I believe smart readers have already thought of using the role described earlier and the function Assume Role. Assume Role is a cloud product that plays a role of a user. Users need to take two steps: the first step is to create a role and trust the Operations and Maintenance Choreography Service, as shown in the following figure:

Permission to play transshipment maintenance choreography service: Assume Role + Pass Role

The second step is to give this role a permission policy. If users want OOS to manage ECS, they can consider giving this role the permission policy of Aliyun ECS Full Access.

Permission to play transshipment maintenance choreography service: Assume Role + Pass Role

So, next, how does OOS Assume Role execute templates? In the OOS template, you can specify a role through the field “RamRole”, which OOS will try to play when it executes the template in the background. If the template is not specified, the OOS will try to play the default role, that is, the OOS Service Role.

FormatVersion: OOS-2019-06-01
RamRole: 'OOSServiceRole'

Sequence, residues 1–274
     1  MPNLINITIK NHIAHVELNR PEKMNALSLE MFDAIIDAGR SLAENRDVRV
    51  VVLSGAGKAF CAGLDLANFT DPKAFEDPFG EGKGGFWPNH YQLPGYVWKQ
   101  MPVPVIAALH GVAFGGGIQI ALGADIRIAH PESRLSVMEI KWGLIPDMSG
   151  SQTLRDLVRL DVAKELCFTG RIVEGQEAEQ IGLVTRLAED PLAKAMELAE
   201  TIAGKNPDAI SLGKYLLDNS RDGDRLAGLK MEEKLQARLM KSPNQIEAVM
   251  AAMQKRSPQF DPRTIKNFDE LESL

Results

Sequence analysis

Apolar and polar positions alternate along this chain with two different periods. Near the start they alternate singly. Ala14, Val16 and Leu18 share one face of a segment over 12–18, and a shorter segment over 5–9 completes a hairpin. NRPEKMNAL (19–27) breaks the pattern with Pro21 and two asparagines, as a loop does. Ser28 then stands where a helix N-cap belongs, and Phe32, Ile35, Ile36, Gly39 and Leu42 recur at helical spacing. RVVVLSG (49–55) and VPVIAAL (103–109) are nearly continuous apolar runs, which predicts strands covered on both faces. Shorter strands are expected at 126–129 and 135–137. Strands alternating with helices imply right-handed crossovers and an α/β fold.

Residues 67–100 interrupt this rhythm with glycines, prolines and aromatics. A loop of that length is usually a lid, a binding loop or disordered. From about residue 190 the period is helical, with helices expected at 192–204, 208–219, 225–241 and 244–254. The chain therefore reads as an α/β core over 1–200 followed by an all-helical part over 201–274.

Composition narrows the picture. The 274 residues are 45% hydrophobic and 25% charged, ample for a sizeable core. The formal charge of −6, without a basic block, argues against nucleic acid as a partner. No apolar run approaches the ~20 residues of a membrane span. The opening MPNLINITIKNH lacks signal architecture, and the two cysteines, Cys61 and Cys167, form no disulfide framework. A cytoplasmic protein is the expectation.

Tasks:
- Name: describeRunningInstancesByTag
  Action: ACS::ExecuteApi
  Description: Views running ECS instances by specifying tag.
  Properties:
    Service: ECS
    API: DescribeInstances
    Parameters:
      Status: Running
      Tags:
      - Key: 'tagkey'
        Value: 'tagvalue'

If the user does not create the corresponding role beforehand, it will report an error when executing. The error message is similar to “: Assumes role failed. Code: EntityNotExist. Role, msg: The role does not exist: acs:: 111111111: role / OOSService role.”

If the user creates this role but does not trust the Operations and Maintenance Choreography Service, an error message will be reported, similar to “Assumes role failed. Code: NoPermission, msg: You are not authorized to do this action. You should be authorized by RAM.”

Users can manually edit the trust policy for the Role

{
    "Statement": [
        {
            "Action": "sts:AssumeRole",
            "Effect": "Allow",
            "Principal": {
                "Service": [
                    "oos.aliyuncs.com"
                ]
            }
        }
    ],
    "Version": "1"
}

Permission Question 2: Pass Role